OK, so that was March in the UN. Bring on April and the U.N. Commission on Population and Development (CPD), another annual, week-long, governmental meeting in New York attended by many sexual- and reproductive-rights and right-wing organizations. Fasten your seatbelts: Here's another swervy ride.
The CPD always has a theme related to health; this year's was "adolescents and youth." Remarkably, the CPD produced a resolution calling on governments to protect human rights of adolescents and youth "to have control over and decide freely and responsibly on matters related to their sexuality, including sexual and reproductive health," and to provide them with "evidence-based comprehensive education on human sexuality." These are big wins that fly in the face of conservative efforts to regulate sexuality of young people. But these gains came with compromises. Gender- and sexual-rights language became lightning rods, because they were seen as "covers" for sexual orientation and gender identity.
So even as an official human-rights panel on sexual orientation and gender identity takes place in one U.N. site, the ideas supporting that work become lynchpins in another U.N. venue 3,000 miles away. And even when allies try to focus on the daily violence and discrimination LGBT people face in all regions, what's heard by those in opposition is entirely different: They hear (because they want to) "demise of marriage," "the ruin of the family," and "the end of child bearing."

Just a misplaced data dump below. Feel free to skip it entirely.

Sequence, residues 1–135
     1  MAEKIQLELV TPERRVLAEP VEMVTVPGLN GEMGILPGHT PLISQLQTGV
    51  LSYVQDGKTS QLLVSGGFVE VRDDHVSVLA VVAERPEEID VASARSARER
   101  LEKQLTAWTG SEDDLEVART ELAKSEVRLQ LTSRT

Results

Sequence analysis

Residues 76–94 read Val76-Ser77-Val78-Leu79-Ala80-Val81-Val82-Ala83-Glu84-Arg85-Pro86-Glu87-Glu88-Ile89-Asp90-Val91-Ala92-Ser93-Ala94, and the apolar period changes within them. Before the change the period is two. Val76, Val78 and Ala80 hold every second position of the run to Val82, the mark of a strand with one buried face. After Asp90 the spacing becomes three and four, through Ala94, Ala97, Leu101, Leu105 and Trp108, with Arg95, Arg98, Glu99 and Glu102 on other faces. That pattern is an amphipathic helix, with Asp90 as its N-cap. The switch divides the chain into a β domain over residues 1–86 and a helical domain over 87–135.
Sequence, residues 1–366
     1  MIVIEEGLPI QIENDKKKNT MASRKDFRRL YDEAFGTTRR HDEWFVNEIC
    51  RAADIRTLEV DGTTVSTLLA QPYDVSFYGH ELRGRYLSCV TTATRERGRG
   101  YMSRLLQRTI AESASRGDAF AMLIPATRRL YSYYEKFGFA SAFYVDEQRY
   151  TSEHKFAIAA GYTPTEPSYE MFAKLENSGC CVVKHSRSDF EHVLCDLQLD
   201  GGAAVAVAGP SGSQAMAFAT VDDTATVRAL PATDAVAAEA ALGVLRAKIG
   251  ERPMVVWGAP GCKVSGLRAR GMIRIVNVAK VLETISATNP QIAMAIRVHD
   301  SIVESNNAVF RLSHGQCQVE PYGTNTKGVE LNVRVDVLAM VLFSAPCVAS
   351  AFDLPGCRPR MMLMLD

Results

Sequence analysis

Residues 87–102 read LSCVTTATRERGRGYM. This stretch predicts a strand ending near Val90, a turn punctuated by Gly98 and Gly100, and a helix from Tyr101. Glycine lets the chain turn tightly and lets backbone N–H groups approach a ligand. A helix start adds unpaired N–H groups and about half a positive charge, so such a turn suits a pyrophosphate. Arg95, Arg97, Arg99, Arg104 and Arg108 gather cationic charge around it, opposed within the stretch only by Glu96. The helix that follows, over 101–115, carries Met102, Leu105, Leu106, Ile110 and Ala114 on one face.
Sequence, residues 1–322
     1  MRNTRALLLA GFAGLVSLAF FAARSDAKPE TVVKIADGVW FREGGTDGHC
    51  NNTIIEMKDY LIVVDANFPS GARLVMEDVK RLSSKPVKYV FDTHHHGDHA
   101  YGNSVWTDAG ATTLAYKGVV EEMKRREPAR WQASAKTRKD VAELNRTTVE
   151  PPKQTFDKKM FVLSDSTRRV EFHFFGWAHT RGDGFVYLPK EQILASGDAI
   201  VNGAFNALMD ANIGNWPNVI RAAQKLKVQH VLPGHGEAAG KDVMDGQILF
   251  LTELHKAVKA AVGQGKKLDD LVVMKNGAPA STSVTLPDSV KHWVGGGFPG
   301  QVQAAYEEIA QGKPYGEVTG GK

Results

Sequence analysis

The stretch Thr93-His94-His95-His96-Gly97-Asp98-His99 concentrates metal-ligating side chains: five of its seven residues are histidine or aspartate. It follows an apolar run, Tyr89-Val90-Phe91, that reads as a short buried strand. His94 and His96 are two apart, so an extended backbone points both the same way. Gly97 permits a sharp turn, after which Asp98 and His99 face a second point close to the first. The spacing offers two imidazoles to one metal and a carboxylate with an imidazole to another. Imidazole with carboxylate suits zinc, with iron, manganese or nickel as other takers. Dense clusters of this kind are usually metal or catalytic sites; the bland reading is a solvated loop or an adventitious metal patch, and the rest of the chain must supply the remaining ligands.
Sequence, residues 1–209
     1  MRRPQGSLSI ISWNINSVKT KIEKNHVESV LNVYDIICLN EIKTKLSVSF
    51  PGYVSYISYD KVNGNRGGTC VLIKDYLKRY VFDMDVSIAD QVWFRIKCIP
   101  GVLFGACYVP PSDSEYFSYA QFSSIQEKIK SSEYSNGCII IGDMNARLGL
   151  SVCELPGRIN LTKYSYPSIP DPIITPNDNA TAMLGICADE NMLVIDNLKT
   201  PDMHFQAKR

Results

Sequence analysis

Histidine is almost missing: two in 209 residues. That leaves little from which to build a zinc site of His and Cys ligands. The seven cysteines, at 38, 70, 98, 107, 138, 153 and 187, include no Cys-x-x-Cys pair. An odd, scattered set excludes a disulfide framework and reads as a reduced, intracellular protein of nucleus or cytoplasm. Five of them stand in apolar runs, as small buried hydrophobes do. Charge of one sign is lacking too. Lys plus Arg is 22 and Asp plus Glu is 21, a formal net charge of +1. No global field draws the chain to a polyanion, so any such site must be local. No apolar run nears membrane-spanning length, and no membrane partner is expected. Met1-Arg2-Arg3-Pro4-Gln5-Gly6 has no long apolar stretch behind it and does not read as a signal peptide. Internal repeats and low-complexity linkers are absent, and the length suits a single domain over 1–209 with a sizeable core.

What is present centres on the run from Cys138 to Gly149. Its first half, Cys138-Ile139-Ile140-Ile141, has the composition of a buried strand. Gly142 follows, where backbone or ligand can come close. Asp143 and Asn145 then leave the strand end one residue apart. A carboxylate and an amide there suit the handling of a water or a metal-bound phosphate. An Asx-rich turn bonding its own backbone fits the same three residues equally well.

There was a not-very-interesting walkout by some governments as the official panel on sexual orientation and gender identity began at the Council. In fact, some of the same delegates who left the room were spotted in the overflow viewing gallery minutes later. Activism lesson: If you're going to stage a walkout, at least leave the building. Their opposition generally rested on weak and manipulated arguments about international law: "Homosexuality is a 'Western import,' is not mentioned in the Universal Declaration of Human Rights, and has no place being discussed in a context of international law," or, "This discussion is about affording 'special rights' to a specific group."
These arguments are, of course, paper-thin. The human-rights framework argues that all people should be able to enjoy all human rights, and that no one should be subjected to violence (including torture, extrajudicial killing, or violence in the home) or discrimination (including arbitrary arrest, or denial of education or health care).
So even with the back and forth, the up and down, I think the Human Rights Council panel in March, and its related, first-ever, official U.N. report on SOGI violence and discrimination, was nothing short of a watershed moment in U.N. and LGBT political history. It's undeniably significant that the highest-level U.N. human-rights body has said "these violations exist, and they must be stopped." It's a simple claim, and one that results from decades of activism of LGBT and gender-nonconforming people around the world. It's also a claim that can help stop the arrests, rapes, and murders of LGBT people everywhere. Even Ban Ki Moon agrees.
This piece first appeared on the Astraea Foundation's Blog.
Read the U.N. SOGI report here.